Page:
The Ugly Side of Literature

There must be something in the air. All week I have been reading articles which make me cringe. They are the ugly side to literature which speak to some of the worst aspects of human behavior: jealousy, anger, and bitterness.

Earlier this week, Roxana Robinson of the PEN American Center spoke to V.S. Naipaul’s trashing of women. She wrote:

Naipaul’s contempt reveals a meanness of spirit that eliminates him straight off, in my opinion, from the category of great writers. Truly great fiction is illuminated by compassion, not contempt. Truly great writers, of both genders, can inhabit the other gender, and the Other’s life. That’s what Shakespeare does, and Tolstoy, and Woolf.

And I could not agree more.

In case you missed it, Naipaul outrageously concluded that women writers were only capable of writing “tosh.” Of course, anyone familiar with Naipaul should not be surprised. He is perhaps one of the most controversial writers out there, having been accused of racism and misogyny among other things…all, I might add, supported by his published comments and Patrick French’s “authorized” biography which shows Naipaul eager for his first wife’s death from cancer so that he “could get on with his life.” Just do a quick Google search on Naipaul and you will find dozens of articles about his personal beliefs which are just plain ugly.

I rarely cross an author’s name from my list because of his or her personal life – but, with Naipaul, I have done just that. I think his contempt for other writers and his narcissism overflow into his work (how could they not?), and just to be fair, I read A Bend in the River in 2009 and was unimpressed with Naipaul’s writing. I don’t expect everyone to agree with my literary reviews, but in several comments beginning in April of this year, I was personally attacked for my views which made me angry. Apparently, these are male readers who agree with Naipaul’s shoddy view of women – one commenter actually suggested that I was unable to discern good literature because my mind is befuddled from reading “chick lit.” I assume he means that because I am a woman and read women’s literature, I must be too stupid to understand “good” literature. I left the comments up because I think this just underscores my point about Naipaul – apparently his biggest supporters also find women inferior and stupid.

But, although I was not surprised to read about this latest outrage involving an author who has long made his contempt toward women obvious…I was dismayed to read the recent trashing of Orange Prize winner Tea Obreht by Ruth Fowler on The Huffington Post (Fowler also attacks Junot Diaz and Zadie Smith in her vicious diatribe). Apparently, according to Fowler, a writer cannot really be a writer if he or she has an MFA or has not had at least ten good years of life experience. I don’t know a whole lot about Obreht’s life experience (she is 25 years old), but I know a lot of twenty-something year olds who have traveled and seen more of the world than I have at age fifty. I also know plenty of young adults who have experienced enough in their short lives to fill more than one book. So why does Fowler come at young authors with both barrels blazing? Fowler’s excessive use of profanity to make her point speaks of a deep seated anger and bitterness – perhaps she resents someone younger than her getting accolades, maybe she wishes she had an MFA. I don’t know – and actually I don’t care. What I read was ugly and mean. It made my stomach turn.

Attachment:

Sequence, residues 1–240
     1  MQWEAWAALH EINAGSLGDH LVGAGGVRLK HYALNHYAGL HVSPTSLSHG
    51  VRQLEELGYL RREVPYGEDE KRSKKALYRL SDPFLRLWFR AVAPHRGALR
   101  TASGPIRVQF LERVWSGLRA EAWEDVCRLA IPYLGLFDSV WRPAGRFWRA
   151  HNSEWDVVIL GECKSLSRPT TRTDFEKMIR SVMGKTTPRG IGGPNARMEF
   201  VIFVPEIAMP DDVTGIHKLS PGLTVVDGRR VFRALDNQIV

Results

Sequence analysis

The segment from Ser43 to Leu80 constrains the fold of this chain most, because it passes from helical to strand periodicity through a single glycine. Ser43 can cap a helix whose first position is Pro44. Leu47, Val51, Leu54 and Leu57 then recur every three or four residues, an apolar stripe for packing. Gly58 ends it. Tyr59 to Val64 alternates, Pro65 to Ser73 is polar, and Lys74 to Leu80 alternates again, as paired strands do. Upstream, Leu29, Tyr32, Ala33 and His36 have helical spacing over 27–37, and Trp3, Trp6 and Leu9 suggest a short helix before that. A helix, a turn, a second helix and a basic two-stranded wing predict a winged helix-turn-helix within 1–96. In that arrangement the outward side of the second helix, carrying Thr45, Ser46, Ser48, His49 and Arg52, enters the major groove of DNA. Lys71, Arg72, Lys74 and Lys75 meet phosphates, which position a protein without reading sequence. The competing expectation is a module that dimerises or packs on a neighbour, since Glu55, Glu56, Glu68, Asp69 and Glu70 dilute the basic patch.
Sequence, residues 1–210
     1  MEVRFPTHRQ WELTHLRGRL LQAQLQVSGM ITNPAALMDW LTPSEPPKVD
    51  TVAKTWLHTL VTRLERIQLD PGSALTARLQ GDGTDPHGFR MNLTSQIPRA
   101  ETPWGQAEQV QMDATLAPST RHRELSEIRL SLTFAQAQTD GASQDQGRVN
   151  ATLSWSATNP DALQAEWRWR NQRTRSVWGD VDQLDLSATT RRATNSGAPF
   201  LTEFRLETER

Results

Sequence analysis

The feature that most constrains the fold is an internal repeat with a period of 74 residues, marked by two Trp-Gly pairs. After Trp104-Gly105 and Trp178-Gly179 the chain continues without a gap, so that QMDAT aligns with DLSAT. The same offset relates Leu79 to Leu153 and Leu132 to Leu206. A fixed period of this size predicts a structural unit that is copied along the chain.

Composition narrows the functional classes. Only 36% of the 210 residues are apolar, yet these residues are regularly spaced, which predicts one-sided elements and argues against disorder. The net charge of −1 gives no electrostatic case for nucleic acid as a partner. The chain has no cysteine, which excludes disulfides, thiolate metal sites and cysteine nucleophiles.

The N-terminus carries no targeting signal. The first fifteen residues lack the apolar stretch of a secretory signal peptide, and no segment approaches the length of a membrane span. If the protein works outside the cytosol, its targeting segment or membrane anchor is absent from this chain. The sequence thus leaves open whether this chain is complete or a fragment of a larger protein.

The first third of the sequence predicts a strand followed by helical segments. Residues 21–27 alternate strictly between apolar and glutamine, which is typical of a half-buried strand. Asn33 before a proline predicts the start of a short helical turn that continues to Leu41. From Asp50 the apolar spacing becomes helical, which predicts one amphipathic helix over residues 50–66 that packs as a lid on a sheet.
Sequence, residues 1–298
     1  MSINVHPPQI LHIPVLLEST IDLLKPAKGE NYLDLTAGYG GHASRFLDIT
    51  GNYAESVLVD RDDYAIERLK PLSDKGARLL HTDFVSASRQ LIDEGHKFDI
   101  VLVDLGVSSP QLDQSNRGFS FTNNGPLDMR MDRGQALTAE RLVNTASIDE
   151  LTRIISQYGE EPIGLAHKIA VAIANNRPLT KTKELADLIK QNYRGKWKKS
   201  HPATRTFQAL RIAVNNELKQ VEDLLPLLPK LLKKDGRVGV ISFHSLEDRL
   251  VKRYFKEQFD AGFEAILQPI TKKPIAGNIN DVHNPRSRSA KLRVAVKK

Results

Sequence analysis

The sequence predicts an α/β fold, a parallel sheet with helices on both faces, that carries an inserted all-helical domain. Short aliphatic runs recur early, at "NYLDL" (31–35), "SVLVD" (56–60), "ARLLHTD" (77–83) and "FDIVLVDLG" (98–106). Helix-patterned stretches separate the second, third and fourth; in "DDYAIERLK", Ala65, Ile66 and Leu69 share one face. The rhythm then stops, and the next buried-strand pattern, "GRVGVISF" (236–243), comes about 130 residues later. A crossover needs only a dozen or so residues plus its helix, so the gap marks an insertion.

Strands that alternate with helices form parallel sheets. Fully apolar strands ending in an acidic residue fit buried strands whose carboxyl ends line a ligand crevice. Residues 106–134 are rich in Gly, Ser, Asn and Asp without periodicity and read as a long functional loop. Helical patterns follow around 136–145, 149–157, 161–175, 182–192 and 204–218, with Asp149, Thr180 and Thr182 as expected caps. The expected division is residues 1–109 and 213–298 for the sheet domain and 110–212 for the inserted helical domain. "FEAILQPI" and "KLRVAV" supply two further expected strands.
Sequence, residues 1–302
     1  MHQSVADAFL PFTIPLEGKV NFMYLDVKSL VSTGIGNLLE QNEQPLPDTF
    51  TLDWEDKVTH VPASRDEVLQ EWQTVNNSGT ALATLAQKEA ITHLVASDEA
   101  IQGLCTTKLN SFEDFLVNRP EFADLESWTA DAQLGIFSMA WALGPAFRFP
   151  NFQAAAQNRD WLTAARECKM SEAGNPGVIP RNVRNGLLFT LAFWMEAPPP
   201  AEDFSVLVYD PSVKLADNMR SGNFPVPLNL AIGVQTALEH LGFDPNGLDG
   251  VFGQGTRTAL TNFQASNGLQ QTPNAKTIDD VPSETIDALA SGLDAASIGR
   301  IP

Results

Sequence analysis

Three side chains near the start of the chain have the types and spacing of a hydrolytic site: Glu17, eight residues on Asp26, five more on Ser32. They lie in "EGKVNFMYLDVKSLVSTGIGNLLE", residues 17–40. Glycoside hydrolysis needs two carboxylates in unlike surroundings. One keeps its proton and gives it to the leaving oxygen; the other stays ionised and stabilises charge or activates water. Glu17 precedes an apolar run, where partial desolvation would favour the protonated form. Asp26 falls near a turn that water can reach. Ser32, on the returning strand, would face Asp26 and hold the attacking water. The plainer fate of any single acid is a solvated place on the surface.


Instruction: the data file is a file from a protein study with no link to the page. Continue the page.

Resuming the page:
I haven’t read Orbeht’s book yet (I plan to in July), but if I end up not liking it, I won’t attack the author and I won’t be cruel in my review. I will point out what I think are the book’s strengths and weaknesses. I may link to other opposing views of the book in order to balance my opinion with other readers’ opinions. I think it is just human decency to be respectful and professional towards others. I guess Fowler, with all of her years of life experience, has never learned the lesson that what we put out into the world tends to come back to us ten-fold.

After this week, I find myself wanting to take more showers just to wash off the grime of nastiness being put out over the Internet. I love literature. I love books. I love discussions about books.

But I hate meanness.

I have decided to start voting more with my pocketbook. I’m beginning with Naipaul’s books – I have purged them from my library and they can be found in the 25 cent box at my next yard sale. I won’t be reading anything more from him or about him. It just makes me feel too slimy. And as far as journalists like Ruth Fowler, I won’t be following their tweets or reading their blogs. Maybe ignoring their attacks will make them go away.

I hope so.

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    • Linda on June 11, 2011 at 10:44

    Well said, Wendy.

    • Laura on June 11, 2011 at 10:58

    Great post Wendy! I’ve been following these issues as well and like you, have been dismayed at the nastiness. I agree with you about voting with my pocketbook — I will never buy, or even borrow, another Naipaul book.